Loki keeps track of what is happening with the pandemic and knows lots about it, partly because his mum works for a Māori health organisation and knows a lot about it. He also finds out lots of things from the news or sees information about it online - "it just pops up on my computer". 

Loki was scared about getting vaccinated, but said he was relieved he got vaccinated just before New Zealand moved to the red setting. 

He is scared about getting a test up his nose, but has so far only had to have partial-up-the-nose swabs. 

Fifi, 10, South Auckland 

Fifi heard about the pandemic from her mum, who would talk about case numbers and other things. She found lockdown really hard and missed going to school and seeing her friends. Sometimes she would talk to her friends on Messenger when she had tablet time and they were online. 

Fifi did a lot to protect herself and her family from COVID-19. She kept her mask hanging on the wall so she could remember it, and would comfort her mum when she looked tired and stressed. Fifi's 3-year-old sister would always remind the family to wash their hands. 

Fifi also got vaccinated. "I looked at the needle and it wasn't that big because I thought it would be bigger but it was only tiny," she said. 

Katty, 8, North Shore

Katty drew the "big sick virus" that scared her and made her sleepwalk during lockdown (panel 1). The second panel shows her dad at the table with his phone. The third panel shows Katty practising social distancing with her stuffed toy cat Celeste. 

Katty was sad she couldn't hug her friends at school because they had to social distance (panel 4). Sometimes she would feel sad and lonely and sit by herself at the dinner table because she is an only child and her parents, who are both essential workers, were busy (panel 5). Sometimes her friends would come visit her outside her house and she would drop notes to them from her window.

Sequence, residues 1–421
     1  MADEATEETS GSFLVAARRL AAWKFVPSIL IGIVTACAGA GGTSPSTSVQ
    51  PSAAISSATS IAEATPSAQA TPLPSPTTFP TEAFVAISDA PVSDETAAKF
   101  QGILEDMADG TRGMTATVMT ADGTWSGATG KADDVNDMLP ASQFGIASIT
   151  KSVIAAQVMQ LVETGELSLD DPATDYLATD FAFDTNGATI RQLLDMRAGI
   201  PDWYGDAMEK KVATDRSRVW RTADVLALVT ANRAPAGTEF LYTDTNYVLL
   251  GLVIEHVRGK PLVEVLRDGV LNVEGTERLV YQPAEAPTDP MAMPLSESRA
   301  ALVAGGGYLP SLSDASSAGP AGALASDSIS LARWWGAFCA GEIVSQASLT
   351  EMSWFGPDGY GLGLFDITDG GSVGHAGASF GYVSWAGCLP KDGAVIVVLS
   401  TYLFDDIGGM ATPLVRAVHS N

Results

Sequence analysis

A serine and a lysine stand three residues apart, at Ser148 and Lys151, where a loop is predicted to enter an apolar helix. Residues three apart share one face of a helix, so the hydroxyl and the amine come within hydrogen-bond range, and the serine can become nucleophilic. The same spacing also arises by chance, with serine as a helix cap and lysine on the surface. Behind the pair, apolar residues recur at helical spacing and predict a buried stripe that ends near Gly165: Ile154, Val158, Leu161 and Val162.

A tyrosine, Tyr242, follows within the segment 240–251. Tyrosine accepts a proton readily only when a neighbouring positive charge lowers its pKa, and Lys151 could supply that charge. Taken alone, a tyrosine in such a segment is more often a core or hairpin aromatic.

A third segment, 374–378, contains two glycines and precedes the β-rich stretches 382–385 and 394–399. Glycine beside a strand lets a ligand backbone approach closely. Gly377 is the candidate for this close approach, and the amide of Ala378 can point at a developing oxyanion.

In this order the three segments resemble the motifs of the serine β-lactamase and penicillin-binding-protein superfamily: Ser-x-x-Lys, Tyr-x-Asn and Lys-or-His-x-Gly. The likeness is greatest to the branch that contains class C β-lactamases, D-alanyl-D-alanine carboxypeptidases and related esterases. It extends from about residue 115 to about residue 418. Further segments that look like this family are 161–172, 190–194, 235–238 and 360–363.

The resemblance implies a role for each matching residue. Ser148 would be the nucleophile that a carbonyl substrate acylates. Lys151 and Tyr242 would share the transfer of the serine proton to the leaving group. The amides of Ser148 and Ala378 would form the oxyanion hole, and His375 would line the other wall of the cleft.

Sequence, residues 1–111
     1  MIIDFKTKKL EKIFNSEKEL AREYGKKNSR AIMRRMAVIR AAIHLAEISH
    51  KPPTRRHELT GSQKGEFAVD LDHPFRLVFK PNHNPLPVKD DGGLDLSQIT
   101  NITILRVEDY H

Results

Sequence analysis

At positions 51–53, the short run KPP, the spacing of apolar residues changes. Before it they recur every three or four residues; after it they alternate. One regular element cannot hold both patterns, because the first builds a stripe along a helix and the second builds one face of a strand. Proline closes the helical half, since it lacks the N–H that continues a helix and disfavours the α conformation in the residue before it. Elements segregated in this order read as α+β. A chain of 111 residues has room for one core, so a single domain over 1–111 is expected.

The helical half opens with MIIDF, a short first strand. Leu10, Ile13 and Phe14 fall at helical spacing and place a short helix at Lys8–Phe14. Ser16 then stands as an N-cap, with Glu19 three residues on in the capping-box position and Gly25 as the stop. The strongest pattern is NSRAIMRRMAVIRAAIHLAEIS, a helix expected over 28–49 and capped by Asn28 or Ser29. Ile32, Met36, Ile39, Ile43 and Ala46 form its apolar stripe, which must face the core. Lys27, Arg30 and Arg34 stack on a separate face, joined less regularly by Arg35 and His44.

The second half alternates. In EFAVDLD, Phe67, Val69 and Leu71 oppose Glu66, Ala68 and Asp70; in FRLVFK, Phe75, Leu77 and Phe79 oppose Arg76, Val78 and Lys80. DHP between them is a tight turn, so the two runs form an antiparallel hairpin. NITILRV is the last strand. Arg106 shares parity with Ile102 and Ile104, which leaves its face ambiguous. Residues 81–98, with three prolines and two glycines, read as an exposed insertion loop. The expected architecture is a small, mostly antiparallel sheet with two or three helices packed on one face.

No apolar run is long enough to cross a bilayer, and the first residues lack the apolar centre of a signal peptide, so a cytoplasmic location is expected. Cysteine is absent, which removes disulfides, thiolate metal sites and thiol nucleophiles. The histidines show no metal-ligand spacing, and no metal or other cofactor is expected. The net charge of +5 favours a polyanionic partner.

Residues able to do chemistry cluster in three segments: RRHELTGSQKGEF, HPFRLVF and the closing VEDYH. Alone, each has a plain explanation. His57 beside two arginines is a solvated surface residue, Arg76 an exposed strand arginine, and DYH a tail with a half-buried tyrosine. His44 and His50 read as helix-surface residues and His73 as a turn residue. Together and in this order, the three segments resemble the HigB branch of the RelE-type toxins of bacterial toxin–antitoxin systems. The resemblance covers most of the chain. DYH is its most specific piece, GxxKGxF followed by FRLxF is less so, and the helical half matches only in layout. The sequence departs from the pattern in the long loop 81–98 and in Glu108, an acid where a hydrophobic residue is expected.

Vanessa, 9, central Auckland 

Vanessa remembers her sister Kira looking sleepy and grumpy when they had to do school from home. They had to wear masks when they returned to school.

They spent some time in MIQ, which was hard because they were stuck together in one room. The sisters fought a lot and also watched too much Spongebob - at one point Vanessa sat in the cupboard with the shoes. The sisters also performed talk shows where Vanessa interviewed Kira.

Vanessa remembers playing AFL as a time before the pandemic. The last panel shows their mum Christina asleep in the car while the girls do soccer training. "That means that she’s worked very hard," said Vanessa.

More KidsHealth content on COVID-19

See KidsHealth's section on COVID-19

See all KidsHealth's content on COVID-19 immunisation in children


Anthropologist, child health researcher and illustrator Julie Spray interviewed 26 Auckland children for the Pandemic Generation. View all the comics and find out more about the project and its findings.  

This page last reviewed 02 May 2022.